Saturday, June 26, 2010

Dragon Age 1's Morrigan: Why I Don't Like Her

Well, I've played the game a few times over, seen everything there is to see, examined the merits and flaws of each of the characters pretty thoroughly, and discussed it all with a few people whose opinions and tastes are trustworthy. And the verdict is in: Morrigan is my least favorite part of Dragon Age Origins.

There are quite a few small aspects about her that don't exactly ingratiate her character to me, of course. Her general attitude is one. She's kind of a bitch. While she treats the main character pretty decently, more or less, she's unceasingly cold and hostile to everyone else in the party, while they, aside from Alistair,* continue to attempt to be civil to her. While other characters in the game may criticize each other in a light-hearted way or with a constructive purpose in mind, Morrigan's jabs and insults are ever done spitefully. So she's not exactly the most likable person to begin with.

Still, annoying personalities I can get over, if there's a decent character beneath. I mean, look at Final Fantasy 10's Tidus--you all know I really like his character, but I'll be the first to admit that he can be really annoying at times. I've also always been a fan of Chrono Trigger's Magus, and he's not exactly friendly to the rest of the party, either.

The true problem for me with Morrigan is that her inner character is rather shallow, and far less likable than her bitchy exterior. Fundamentally, Morrigan believes in looking out for number 1, that connections to other people are meaningless farces, that religious belief is foolish, and that the mages who follow the Chantry's laws and allow themselves to be regulated are weak. Now, these are all things that I disagree with myself. But what makes her such a lousy character compared to all the rest of the cast, and what makes me really dislike her, is how she holds and expresses these beliefs.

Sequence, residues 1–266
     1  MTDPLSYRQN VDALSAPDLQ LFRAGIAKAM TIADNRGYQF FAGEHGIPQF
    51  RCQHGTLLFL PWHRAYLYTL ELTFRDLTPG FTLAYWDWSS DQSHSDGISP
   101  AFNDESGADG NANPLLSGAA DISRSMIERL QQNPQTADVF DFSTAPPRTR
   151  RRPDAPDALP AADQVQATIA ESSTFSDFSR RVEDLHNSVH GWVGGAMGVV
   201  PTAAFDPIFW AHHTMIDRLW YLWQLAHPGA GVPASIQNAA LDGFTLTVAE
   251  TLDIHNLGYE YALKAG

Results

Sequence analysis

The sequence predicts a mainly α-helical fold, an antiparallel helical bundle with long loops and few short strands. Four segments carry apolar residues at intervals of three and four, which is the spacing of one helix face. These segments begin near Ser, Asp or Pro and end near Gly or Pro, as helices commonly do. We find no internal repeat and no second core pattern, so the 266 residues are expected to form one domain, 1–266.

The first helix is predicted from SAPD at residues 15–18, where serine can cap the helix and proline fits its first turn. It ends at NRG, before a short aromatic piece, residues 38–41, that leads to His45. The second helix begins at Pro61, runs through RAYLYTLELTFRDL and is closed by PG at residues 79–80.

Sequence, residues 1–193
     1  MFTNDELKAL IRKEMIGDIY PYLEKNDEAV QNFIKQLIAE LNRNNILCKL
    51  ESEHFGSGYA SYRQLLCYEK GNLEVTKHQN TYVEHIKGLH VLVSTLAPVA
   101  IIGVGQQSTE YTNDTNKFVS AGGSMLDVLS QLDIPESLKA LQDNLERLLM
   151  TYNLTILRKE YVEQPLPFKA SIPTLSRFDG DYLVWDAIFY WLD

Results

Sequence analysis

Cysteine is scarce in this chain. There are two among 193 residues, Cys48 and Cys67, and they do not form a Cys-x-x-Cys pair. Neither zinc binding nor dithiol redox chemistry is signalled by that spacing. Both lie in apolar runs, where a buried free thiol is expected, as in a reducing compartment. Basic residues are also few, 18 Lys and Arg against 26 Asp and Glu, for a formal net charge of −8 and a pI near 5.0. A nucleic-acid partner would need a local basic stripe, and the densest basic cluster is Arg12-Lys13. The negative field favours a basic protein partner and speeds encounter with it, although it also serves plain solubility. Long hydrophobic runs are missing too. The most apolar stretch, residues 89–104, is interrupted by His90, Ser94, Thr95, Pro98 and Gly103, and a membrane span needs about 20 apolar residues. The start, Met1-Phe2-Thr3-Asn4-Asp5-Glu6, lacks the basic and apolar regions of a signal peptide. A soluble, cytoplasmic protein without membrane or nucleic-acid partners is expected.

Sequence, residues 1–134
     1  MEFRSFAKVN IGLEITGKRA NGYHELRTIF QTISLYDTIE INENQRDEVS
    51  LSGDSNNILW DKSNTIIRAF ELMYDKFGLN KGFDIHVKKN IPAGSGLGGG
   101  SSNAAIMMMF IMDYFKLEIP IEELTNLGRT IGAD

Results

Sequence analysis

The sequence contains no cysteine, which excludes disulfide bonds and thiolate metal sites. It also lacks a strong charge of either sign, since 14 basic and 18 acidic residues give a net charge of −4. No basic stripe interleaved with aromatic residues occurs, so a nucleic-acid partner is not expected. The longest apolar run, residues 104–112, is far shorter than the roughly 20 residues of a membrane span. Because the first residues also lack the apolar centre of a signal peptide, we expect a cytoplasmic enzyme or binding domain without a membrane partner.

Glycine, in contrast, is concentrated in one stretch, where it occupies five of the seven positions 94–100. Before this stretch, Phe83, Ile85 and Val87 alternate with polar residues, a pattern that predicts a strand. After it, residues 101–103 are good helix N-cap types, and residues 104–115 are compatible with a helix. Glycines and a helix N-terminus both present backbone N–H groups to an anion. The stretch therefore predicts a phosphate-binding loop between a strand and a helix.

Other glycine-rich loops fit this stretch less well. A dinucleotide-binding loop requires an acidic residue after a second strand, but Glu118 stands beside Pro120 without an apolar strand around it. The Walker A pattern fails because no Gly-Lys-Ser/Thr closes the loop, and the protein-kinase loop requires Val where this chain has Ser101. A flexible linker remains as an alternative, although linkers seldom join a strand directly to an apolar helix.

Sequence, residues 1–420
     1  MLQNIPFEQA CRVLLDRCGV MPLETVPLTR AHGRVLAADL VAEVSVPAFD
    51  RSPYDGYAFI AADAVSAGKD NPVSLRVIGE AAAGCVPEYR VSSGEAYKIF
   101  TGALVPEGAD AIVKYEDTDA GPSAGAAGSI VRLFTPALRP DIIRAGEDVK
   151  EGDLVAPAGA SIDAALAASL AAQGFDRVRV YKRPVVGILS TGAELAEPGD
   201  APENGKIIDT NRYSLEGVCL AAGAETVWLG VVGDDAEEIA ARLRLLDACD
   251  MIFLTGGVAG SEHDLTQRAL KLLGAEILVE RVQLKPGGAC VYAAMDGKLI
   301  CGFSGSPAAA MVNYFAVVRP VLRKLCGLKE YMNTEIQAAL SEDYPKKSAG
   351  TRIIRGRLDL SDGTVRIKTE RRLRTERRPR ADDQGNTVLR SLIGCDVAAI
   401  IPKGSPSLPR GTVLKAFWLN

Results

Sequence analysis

Morrigan is a raging, senseless hypocrite who cannot extract her head from her ass. She criticizes the mages who live under the shackles that society places on them, even though she has grown up free because her adoptive witch mother, Flemeth, kept her relatively safe and almost totally secluded from the society that would have imprisoned her. She has absolutely no experience of the difficulties a mage faces when they try to escape, and she doesn't care. Even when confronted with the fact that she could have been brought up in this imprisonment and been the same as any other mage, she dismisses the argument without really addressing it, rather than even consider that the situations of other mages and herself could have been reversed. She scorns others for not fighting for the freedom she enjoys when she herself has had little role in attaining and keeping that freedom.

This is more or less how it goes every time Morrigan comes across something she doesn't approve of. She criticizes the people and society of the world around her unflinchingly, while having never had to experience it--by her own admission she knows more or less nothing of civilization, since Flemeth raised her alone in a swamp her whole life.

But it's more than just ignorance bordering on hypocrisy, here. There's also just complete and utter hypocrisy, too. One of her big things is to criticize the followers of the Chant of Light, the major quasi-Christian-esque religion of this world, for being unthinking followers to laws and beliefs that they're told. The problem here is that, again, by her own admission, most everything she knows of the world (which is, again, not very much) is what Flemeth has taught her. Nearly every opinion she has and holds is formed before she's properly out in the world to experience that which she holds the opinion on. Of all the characters in the game, she's the one whose beliefs have been determined the most by what she's been told, and she also ends up being the character whose views are the most unchangeable. Sten can learn to accept outsiders and embrace at least a precious few aspects of other cultures. Alistair comes to accept his place in the world and has his preconceived hopes about family's acceptance challenged. Oghren comes to recognize that it truly is himself and not circumstance that brings him to his lowly states. Zevran, Shale, Wynne, Leliana, they're all at least open to views other than their own. But Morrigan? On almost every point, the woman who criticizes the Chantry's followers for their blind, unquestioning obedience to the moral codes given to them absolutely refuses to entertain the possibility that what she's been told could be untrue.**